— Cheers, Helmut Schütz The quality of responses received is directly proportional to the quality of the question asked. ☼ Science Quotes 
d_labes ★★★ Berlin, Germany, 20090127 12:10 @ martin Posting: # 3139 Views: 10,735 

dear Martin, dear all » ... in the case that you have to use SAS, you may find this link of interest. The latest version of SAS 9.2 (released 2008! sic, in Germany) now has built in the Moses (HodgesLehmann) CI in Proc NPAR1WAY, large sample and exact. See the HL option and the EXACT statement of this procedure. The "Power to Know", like wine, improves with age (42 years old, 1966 vintage). Late, eventually to late for BE studies . — Regards, Detlew 
Dr Andrew Leary ★ Ireland, 20090127 12:33 @ d_labes Posting: # 3141 Views: 10,863 

» The "Power to Know", like wine, improves with age (42 years old, 1966 vintage). » Late, eventually to late for BE studies . Thanks again Helmut, and also Martin for your input. My vintage is 1965 and I'm concerned that this wine was at its best at least decade ago. Now possibly only good for keeping in the cellar rather than drinking. Regarding Tmax we've been making a BE comparison as standard practice but of course ignoring this for the purposes of declaring bioequivalence/bioinequivalence. It is merely a calculation that sits deeply hidden in the stats appendices. The English are a strange bunch who take pleasure in disagreeing with everyone else. I have no doubt that their statisticians believe that they invented the science. I don't know much about the Canadians, but I'm told that the Americans have a bureacracy that makes Europe look ungoverned. We're all doomed.  Edit: Full quote removed. Please see this post! [Helmut]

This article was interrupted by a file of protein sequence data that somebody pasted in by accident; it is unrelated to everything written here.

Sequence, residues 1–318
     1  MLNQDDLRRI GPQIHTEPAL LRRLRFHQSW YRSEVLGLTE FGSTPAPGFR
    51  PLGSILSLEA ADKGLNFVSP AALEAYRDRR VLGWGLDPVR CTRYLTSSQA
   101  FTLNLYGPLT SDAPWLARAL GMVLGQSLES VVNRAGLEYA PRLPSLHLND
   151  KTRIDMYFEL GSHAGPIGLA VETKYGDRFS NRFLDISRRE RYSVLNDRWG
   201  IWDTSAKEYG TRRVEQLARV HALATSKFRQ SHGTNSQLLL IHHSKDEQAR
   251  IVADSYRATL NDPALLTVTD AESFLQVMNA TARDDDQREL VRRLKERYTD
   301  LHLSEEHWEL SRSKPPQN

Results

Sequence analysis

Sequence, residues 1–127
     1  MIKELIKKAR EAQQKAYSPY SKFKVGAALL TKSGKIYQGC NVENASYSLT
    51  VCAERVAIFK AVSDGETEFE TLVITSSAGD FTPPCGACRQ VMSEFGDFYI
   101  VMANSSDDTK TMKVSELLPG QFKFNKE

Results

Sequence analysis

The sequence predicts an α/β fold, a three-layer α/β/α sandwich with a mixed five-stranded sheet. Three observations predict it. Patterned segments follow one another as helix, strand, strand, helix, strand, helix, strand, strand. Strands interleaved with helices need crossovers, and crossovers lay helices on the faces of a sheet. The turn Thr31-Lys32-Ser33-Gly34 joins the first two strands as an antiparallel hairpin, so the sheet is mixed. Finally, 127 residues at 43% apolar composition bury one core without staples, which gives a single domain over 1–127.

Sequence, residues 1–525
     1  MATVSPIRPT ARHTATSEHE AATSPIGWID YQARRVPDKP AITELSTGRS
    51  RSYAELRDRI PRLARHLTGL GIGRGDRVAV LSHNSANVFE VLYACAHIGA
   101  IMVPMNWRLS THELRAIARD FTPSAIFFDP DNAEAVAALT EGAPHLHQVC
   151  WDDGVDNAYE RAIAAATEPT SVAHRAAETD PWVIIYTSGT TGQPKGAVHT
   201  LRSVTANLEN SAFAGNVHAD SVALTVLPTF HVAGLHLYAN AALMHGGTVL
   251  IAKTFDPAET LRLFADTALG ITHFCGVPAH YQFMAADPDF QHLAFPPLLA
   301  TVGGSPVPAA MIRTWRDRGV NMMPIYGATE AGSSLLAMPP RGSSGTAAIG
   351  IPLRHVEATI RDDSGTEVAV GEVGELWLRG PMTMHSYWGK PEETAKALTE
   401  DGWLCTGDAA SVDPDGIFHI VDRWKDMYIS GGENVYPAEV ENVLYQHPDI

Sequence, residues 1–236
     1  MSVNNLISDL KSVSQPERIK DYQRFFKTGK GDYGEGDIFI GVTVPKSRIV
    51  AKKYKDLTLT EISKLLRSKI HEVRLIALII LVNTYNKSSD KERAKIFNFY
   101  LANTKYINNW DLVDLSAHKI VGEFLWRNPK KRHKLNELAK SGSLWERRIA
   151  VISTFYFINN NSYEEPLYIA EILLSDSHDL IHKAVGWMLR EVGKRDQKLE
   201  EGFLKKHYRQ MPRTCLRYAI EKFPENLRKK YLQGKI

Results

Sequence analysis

Helmut ★★★ Vienna, Austria, 20090127 12:39 @ martin Posting: # 3142 Views: 10,715 

Dear Martin! » in the case that you have to use SAS, you may find this link of interest. Haha, To quote the reference: C_{α} is an integer that approximates the ordered value of the lower confidence interval. […] In general the value […] is not an integer, so round to the closest integer and use that in the confidence interval equation above. Nice, but wrong. C_{α} from the normal approximation should be rounded to the next lower integer, not to the next closest integer. In the code calpha=round() should be replaced by calpha=int() . Comparing values obtained with the formula from the reference with the 900 (n=m=3 to n=m=32) exact values, one would get the correct value in 815 (90.56%) of cases, a conservative value in 81 (9.00%) of cases, but also in 4 (0.44%) of cases a liberal value (α ≥0.05).Examples: